#TheHardWay

#TheHardWay

So what is “12 weeks the hard way”?
The title of my first 3 months at CNN? No, there are challenges, but I am loving the new team and opportunity.

I write for Men’s Health mag occasionally because it motivates me to keep at my wellness and to try and keep getting better in different ways and fight the aging process.

The m.o is for me to be a test dummy of different fads and techniques so you, the reasonably fit, looking for a better or new way to approach training, can go to school on my efforts.

“12 weeks” is about how much lean muscle we can build without risk or gimmicks. More to follow, but first, the idea was born from an unexpectedly easy cut down in fat for me. Just before Xmas I cut out dairy and bad sugar and cut back booze, then added green drinks to diet and started doing more crossfit. In less than two months I went from an ok 218, to a pretty lean 200-ish. And my body fat plummeted to 12% as muscle increased.

The results were actually atypically large which was an indication of my own sensitivity to dairy as an inflammatory agent and how lousy my diet was. So, I didn’t see much value in writing that one up. Instead my buddy and coach at EVF performance, Eric Von Froelich (you know you got skilz when you put your name on the place) suggested that cutting down is actually easier than building up for someone my age who is already in decent shape.

He provoked a common dilemma: Many want to build more lean muscle but say: I have job and a life, time is limited as is desire to do anything extreme, and I don’t want to take risky supplements. As a result we may stagnate. So, can you build any/10lbs or more muscle in 12 weeks while doing it in a way that is reasonable?

Eric and I and Men’s Health say: MAYBE. The challenge is to design a program and nutrition that ups strength, and adds bulk without it being just water or bad weight. And no extremes. No more than 4 workouts a week, no steroids or dicey supps and no extreme stress on the body like super heavy lifting or gorging calories. Basically, a way you could integrate this goal into your regular life.

My life will throw some curve balls. Rest and recovery is an issue as is consistency because of my job and busy family life with 3 kiddies. But life is about adapting, right?

The main ingredient that you have to bring to this is commitment to stay with the program because it will involve an evolution, a progression in resistance work that will be hard if you skip too often.

So, leaning on Eric’s many years of excellence and some consultancy with nutrition experts, we came up with “12 weeks the hard way” and are currently testing it out on me…your willing lab rat. After a couple weeks refining what we need to do, our early process is basically a mix of sprint work and heavy emphasis on crossfit, such as progressive increases in traditional lifts. We also added a 4th meal a day and a couple extra protein shakes and probiotics. Stretching and meditation as regenerative and focus tools are also important because they allow physical and mental preparation for training – and life. So, that’s why I am training after skiing at altitude…which is definitely the hard way. By the way, thanks for the New Day love and offers for a lift from the nice people in Jackson, Wy who saw me running hills.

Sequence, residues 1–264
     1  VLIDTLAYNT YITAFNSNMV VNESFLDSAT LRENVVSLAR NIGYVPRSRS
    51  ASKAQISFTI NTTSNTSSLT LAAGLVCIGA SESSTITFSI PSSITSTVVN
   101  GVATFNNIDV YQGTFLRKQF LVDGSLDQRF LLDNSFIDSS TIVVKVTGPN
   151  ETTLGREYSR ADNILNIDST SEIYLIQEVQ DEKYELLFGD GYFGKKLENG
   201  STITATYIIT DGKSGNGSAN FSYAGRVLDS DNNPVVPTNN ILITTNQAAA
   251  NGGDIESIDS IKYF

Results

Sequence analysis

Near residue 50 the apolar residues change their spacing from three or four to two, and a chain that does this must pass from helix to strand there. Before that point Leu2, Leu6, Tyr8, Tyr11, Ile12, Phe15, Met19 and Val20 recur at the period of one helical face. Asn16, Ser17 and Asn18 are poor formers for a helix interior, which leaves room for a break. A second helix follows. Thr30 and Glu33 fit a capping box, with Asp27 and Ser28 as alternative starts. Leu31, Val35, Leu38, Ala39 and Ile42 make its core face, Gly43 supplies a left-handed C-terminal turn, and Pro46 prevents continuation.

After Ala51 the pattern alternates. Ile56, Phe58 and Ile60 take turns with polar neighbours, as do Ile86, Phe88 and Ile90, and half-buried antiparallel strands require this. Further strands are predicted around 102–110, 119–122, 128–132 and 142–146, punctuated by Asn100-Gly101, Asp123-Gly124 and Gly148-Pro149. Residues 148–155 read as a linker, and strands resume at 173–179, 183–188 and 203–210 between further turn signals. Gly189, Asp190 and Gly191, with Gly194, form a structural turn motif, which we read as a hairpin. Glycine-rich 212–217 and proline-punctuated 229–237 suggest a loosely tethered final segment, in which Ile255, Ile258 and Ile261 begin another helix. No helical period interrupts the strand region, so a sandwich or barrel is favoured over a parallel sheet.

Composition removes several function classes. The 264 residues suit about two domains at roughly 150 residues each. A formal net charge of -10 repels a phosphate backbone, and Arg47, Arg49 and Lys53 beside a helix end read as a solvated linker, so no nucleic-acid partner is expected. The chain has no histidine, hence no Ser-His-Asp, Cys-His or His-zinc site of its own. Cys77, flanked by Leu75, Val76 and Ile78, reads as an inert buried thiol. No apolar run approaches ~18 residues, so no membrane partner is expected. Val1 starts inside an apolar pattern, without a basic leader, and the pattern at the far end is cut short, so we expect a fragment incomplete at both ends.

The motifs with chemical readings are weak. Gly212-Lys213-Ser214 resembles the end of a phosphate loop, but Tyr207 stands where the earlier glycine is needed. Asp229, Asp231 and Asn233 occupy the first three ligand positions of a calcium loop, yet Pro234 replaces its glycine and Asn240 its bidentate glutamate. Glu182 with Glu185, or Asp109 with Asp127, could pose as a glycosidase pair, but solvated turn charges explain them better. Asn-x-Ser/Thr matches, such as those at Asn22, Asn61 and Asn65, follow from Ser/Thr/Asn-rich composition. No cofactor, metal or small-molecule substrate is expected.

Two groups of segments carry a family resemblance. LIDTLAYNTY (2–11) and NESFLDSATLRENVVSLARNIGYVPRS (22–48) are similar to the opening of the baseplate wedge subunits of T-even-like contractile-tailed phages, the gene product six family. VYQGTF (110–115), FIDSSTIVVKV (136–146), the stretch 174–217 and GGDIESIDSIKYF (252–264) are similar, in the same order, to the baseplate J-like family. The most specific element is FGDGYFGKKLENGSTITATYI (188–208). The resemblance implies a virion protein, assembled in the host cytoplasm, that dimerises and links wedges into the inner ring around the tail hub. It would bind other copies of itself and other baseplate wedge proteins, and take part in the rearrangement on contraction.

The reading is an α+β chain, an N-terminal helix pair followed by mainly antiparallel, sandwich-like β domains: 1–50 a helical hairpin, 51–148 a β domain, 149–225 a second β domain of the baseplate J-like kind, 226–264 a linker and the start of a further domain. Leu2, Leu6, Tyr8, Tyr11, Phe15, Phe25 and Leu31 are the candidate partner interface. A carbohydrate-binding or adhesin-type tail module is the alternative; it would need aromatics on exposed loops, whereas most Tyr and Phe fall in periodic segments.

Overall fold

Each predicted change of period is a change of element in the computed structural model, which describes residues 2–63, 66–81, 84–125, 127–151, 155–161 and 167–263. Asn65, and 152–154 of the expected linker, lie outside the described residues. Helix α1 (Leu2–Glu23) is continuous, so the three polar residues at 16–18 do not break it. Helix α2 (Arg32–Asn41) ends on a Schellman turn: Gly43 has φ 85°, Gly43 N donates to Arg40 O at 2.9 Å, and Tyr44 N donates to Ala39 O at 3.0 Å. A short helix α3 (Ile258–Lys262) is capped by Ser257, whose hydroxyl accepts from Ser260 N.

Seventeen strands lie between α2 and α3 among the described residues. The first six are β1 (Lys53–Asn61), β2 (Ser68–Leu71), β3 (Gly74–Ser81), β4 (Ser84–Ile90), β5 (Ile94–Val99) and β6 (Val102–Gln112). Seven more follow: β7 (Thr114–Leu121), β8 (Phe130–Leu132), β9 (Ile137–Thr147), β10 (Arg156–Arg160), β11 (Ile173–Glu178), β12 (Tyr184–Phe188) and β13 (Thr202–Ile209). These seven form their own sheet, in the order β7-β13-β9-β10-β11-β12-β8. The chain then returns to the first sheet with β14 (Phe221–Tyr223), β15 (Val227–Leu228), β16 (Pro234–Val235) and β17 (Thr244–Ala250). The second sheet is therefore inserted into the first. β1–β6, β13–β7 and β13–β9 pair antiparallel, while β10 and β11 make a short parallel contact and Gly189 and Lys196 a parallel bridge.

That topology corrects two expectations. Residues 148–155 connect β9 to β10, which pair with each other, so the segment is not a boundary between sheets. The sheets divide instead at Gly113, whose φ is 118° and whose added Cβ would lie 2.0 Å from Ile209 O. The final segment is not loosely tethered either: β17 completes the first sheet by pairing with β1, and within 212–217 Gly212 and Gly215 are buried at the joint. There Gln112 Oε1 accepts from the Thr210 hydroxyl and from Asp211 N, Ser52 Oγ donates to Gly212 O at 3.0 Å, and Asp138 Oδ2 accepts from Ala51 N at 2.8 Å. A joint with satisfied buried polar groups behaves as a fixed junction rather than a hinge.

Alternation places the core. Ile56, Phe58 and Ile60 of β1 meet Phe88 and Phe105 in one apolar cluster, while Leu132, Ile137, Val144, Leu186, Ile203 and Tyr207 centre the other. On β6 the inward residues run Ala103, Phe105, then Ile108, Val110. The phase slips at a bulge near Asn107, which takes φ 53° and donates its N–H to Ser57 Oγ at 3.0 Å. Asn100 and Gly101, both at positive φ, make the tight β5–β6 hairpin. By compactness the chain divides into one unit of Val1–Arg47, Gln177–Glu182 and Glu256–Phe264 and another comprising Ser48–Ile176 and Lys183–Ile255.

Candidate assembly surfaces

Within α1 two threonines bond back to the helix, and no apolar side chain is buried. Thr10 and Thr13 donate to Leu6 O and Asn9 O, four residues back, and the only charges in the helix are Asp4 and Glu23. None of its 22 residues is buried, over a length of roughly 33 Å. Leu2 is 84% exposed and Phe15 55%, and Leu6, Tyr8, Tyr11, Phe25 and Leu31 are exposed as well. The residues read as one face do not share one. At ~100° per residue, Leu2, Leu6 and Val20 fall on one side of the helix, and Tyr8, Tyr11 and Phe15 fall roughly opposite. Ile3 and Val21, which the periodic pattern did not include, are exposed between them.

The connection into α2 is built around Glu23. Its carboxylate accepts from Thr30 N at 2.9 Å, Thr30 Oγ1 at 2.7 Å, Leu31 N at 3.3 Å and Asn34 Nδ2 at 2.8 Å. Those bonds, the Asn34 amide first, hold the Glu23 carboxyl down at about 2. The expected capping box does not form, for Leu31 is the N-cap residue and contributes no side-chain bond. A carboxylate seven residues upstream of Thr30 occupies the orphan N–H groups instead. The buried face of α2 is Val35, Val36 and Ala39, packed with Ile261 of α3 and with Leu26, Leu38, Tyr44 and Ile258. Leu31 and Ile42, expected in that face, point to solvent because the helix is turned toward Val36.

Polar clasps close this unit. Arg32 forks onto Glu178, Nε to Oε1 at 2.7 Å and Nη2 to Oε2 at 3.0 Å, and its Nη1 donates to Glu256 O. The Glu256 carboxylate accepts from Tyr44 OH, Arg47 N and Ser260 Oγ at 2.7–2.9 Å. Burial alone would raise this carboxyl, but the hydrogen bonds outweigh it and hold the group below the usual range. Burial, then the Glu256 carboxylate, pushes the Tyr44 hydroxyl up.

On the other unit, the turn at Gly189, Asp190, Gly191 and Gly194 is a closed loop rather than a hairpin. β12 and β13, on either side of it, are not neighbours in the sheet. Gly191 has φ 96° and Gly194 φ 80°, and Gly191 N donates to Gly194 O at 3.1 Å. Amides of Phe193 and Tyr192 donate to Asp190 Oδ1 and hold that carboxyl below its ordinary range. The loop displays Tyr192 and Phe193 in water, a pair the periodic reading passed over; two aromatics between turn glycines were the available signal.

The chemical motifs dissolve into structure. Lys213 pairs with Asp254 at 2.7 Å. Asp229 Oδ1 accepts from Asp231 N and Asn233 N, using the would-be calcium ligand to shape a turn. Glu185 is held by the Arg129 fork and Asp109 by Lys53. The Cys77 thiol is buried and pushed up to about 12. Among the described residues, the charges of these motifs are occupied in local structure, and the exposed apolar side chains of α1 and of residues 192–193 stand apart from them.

The goal is growth and efficiency as well as some insight into what a 40+ reasonably fit person can do without going to extremes. We will see what works and what does not and where I stay with and where I do not. We will start blogging on the Men’s Health site next week, showing food and workout tips and progress.

My last point is what may matter most. So far, this has not been easy. But that is okay. This desire to get things the easy way yields only one long term result: disappointment. Nothing in life that’s worthwhile is easy, right. At least with your body you can have a measure of control of the outcome. As we all know, what you can control becomes more precious as life goes on.
The word diet means “daily” so then idea of a sprint to skinny without staying the course will only set you up for a rebound. We all know this but we often avoid the reality in our habits.

I am not afraid of hard work. I pride myself on it. In fact, I feel I am obligated to work hard because of the blessings and opportunities I have. I am so lucky that I feel I have to make the most of my life to justify what I was gifted from above.

So I will do “12 weeks the hard way”. No shortcuts. No cheating. And we will see what we can achieve. We will let you in on the process and then write it up for Men’s Health.

I don’t know if you will see any of this on NewDay. I think that a show that speaks intelligently on what matters should include wellness, beyond the latest health scares. But that is an ongoing debate. There is a lot of new to cover as it is and we have to make choices.

Feel free to share your thoughts and experiences along the way. My hope is that we discover a system you can use to boost your body and overall wellness

Wish us luck !